The Divine promises make known the good pleasure of God's will unto His people, to bestow upon them the riches of His grace. They are the outward testimonies of His heart, who from all eternity loves them and fore-appointed all things for them and concerning them. In the person and work of His Son, God has made an all-sufficient provision for their complete salvation, both for time and eternity.

To the intent that they might have a true, clear and spiritual knowledge of the same, it has pleased the Lord to set it before them in the exceeding great and precious promises which are scattered up and down in the Scriptures as so many stars in the glorious firmament of grace; by which they may be assured of the will of God in Christ Jesus concerning them, and take sanctuary in Him accordingly, and through this medium have real communion with Him in His grace and mercy at all times, no matter what their case or circumstances may be.

The Divine promises are so many declarations to bestow some good or remove some ill. As such they are a most blessed making known and manifesting of God's love to His people. There are three steps in connection with God's love: first, His inward purpose to exercise it; the last, the real execution of that purpose; but in between there is the gracious making known of that purpose to the beneficiaries of it.

While love is concealed we cannot be comforted therewith. Now God who is "love" not only loves His own, and will not only show His love fully to them in due time, but in the interim He will have us informed of His benevolent designs, that we may sweetly rest in His love, and stretch ourselves comfortably upon His sure promises. There we are able to say, "How precious also are Thy thoughts unto me, O God! How great is the sum of them" (Psalm 139:17).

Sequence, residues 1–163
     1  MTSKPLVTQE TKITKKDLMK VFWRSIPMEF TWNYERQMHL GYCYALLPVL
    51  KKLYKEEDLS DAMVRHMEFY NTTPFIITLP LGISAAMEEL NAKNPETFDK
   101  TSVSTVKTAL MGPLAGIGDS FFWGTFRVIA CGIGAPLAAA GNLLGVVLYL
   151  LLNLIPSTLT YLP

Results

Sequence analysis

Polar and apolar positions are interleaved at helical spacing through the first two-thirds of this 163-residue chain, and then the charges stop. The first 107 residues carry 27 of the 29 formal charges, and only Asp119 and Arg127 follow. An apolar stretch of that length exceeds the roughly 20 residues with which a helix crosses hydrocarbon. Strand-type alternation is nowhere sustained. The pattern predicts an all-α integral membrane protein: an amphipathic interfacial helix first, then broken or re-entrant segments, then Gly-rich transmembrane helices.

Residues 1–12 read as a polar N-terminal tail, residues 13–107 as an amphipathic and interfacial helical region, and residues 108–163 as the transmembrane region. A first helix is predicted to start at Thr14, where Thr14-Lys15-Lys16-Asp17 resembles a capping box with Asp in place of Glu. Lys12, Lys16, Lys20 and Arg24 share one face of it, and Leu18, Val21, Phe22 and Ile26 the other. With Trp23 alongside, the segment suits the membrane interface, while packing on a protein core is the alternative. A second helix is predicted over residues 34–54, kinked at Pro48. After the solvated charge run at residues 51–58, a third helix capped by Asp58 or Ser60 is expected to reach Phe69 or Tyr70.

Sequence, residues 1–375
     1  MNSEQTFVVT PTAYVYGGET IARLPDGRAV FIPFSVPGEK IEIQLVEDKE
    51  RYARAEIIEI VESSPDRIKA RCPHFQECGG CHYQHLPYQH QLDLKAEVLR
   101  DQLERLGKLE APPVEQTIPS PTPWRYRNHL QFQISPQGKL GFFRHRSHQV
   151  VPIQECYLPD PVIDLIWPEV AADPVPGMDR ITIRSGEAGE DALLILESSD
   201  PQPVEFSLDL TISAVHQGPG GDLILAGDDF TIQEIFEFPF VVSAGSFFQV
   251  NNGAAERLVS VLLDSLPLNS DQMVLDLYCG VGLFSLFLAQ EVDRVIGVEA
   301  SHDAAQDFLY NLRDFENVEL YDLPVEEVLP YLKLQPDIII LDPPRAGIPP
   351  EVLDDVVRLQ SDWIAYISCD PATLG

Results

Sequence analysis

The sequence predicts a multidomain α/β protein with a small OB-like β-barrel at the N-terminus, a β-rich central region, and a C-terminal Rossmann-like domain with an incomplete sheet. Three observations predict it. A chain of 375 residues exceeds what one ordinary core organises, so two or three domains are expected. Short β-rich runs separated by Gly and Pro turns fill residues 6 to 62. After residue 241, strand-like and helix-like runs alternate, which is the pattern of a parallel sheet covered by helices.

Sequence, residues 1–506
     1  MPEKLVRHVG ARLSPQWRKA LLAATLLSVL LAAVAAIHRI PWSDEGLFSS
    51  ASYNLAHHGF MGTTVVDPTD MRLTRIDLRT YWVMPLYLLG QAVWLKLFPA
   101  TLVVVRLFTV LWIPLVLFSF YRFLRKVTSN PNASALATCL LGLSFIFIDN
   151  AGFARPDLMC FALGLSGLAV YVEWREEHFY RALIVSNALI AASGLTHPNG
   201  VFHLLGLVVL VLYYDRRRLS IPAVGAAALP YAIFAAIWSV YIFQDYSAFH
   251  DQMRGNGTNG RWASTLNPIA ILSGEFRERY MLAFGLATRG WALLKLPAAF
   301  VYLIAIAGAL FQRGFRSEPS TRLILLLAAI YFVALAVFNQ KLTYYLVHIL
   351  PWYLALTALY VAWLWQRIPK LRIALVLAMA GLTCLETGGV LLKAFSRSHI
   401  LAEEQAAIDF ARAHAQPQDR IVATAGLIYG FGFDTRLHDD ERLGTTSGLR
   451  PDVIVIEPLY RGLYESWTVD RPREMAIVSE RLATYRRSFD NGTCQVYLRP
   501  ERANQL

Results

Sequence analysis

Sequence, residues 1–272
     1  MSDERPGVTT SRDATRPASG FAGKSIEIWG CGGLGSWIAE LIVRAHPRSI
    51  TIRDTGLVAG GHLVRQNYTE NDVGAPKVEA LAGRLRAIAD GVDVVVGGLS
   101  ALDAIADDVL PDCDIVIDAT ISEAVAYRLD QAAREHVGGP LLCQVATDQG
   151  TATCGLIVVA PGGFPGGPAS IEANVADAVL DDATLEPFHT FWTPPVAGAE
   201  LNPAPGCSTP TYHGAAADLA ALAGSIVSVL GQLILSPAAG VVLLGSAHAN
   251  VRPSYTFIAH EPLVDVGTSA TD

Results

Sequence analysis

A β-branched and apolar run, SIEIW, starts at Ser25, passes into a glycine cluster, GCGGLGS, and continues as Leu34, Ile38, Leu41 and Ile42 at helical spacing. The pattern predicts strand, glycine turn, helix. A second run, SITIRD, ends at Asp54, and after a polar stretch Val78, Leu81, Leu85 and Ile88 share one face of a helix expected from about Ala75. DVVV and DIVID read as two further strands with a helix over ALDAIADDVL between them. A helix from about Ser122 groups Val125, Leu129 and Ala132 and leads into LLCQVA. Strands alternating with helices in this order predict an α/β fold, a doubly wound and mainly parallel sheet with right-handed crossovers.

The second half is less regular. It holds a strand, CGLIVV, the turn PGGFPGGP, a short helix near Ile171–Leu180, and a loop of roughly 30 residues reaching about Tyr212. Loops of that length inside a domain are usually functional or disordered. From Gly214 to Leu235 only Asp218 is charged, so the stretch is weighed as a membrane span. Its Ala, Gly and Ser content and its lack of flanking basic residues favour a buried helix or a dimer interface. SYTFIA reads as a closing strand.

In 2 Peter 1:4, the Divine promises are spoken of as "exceeding great and precious." As Spurgeon pointed out, "greatness and preciousness seldom go together, but in this instance they are united in an exceeding degree." When Jehovah is pleased to open His mouth and reveal His heart He does so in a manner worthy of Himself, in words of superlative power and richness.

To quote again the beloved London pastor: "They come from a great God; they come to great sinners; they work for us great results and deal with great matters." While the natural intellect is capable of perceiving much of their greatness, only the renewed heart can taste their ineffable preciousness, and say with David, "How sweet are Thy words unto my taste! Yea, sweeter than honey to my mouth" (Psalm 69:103).

- Arthur W. Pink Profiting From the Word Chapter 8: "The Scriptures & God's Promises"

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simul iustus et peccator

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